The price of antiviral drugs used for the treatment of HIV/AIDS is set to increase as more physicians embrace new, innovative combination medicines, a new report has found.
Researchers found that the cost of annual treatment for HIV/AIDS increased to an average of $12,829 in 2010 from $9,971 in 2002 and is set to continue to rise.
The report noted that the cost of treatment has increased steadily over the past decade after the launch of new combination therapies.
These new treatments are expensive but have demonstrated their worth through impressive efficacy, particularly in patients who have developed a resistance to standard options, and have become the treatment of choice for doctors.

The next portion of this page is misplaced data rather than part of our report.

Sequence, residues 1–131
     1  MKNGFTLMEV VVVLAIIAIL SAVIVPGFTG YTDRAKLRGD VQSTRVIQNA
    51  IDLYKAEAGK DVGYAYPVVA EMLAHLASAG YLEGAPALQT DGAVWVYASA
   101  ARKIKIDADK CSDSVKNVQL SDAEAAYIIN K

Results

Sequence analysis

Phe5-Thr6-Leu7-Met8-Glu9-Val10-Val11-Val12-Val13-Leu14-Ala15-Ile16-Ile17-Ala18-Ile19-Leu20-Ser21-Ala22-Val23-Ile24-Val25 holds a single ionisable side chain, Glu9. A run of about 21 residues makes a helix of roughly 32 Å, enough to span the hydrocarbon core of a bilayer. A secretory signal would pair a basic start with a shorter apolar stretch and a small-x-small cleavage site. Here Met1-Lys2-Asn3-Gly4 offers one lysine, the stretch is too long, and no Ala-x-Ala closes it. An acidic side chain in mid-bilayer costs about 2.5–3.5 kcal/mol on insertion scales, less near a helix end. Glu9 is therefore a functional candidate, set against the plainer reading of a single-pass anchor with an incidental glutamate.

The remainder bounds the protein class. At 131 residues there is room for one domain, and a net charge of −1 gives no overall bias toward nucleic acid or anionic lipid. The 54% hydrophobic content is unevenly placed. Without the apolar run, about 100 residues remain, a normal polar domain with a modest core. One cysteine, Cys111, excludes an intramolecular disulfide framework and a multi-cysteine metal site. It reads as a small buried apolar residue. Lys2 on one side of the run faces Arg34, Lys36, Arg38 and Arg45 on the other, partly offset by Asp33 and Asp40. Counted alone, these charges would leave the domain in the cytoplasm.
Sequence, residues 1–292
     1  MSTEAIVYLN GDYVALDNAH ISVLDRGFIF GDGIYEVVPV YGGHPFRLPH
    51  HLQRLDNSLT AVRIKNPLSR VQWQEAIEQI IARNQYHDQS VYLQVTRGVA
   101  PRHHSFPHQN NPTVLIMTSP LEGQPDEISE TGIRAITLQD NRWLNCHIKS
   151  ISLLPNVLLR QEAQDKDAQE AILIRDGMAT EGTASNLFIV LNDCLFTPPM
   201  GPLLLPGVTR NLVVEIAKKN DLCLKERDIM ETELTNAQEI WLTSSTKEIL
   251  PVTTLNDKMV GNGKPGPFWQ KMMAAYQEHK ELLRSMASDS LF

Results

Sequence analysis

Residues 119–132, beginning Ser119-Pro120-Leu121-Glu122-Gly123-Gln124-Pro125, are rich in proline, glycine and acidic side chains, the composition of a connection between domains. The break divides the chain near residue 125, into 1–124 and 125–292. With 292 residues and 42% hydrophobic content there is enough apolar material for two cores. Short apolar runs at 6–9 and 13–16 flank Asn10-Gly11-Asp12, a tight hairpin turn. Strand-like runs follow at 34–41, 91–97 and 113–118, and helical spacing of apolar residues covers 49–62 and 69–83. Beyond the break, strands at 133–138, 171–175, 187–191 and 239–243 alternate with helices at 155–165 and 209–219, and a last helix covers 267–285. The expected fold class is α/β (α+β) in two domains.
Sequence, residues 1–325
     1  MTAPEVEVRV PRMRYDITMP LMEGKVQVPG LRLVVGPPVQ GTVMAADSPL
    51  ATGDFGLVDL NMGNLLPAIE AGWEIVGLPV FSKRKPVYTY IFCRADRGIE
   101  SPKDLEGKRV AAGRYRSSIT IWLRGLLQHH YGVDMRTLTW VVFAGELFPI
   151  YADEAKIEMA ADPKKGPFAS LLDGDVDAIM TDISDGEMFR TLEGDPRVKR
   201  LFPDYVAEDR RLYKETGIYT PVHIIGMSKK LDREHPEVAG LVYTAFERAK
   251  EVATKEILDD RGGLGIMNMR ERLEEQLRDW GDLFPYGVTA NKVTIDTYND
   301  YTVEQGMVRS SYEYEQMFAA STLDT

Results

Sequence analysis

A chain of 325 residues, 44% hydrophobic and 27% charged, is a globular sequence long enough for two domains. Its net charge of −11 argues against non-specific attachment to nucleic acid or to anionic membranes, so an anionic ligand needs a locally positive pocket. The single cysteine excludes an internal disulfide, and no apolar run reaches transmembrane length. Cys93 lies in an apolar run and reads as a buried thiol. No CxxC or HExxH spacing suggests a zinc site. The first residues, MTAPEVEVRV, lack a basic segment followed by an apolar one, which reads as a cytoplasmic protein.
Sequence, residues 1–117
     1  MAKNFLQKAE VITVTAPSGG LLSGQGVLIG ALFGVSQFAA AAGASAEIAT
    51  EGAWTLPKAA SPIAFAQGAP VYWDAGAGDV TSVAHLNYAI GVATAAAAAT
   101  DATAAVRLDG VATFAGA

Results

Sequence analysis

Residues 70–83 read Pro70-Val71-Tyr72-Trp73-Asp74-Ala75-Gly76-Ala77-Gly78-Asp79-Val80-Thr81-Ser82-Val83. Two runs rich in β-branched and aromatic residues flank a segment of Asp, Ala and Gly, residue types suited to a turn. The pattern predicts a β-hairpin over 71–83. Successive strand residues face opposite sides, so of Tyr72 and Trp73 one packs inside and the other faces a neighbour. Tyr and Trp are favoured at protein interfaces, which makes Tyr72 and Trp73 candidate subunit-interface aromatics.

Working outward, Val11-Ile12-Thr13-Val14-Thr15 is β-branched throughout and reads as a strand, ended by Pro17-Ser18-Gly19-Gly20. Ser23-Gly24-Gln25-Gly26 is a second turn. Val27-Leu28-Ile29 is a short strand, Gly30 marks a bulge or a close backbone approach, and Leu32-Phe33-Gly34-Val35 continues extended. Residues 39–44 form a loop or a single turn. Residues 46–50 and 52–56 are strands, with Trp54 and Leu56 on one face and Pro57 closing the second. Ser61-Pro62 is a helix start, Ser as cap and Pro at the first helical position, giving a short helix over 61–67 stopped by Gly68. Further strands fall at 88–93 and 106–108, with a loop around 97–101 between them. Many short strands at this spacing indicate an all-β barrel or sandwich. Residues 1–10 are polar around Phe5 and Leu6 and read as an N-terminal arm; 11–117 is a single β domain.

As a result, revenue from the global HIV/AIDS market grew at a compound average growth rate of 10.9% from 2002 to 2010.
This year a number of key brands used in the treatment of HIV/AIDS will lose patent protection. Sustiva and Combivir will go off patent in 2012 after Epivir, Epzicom, Trizivir, Ziagen, Invirase and Lexiva lost protection in either 2010 or 2009.
Whilst generic alternatives have now been made available, it is the use of these combination medications which has seen the market continue to grow.
The market is also expanding, the report found, due to decreasing mortality and increasing treatment-seeking rates, which has encouraged further pharmaceutical innovation.
This innovation has been highlighted with the release of Gilead’s new Quad treatment and late-stage pipeline products including Edurant and Vicriviroc.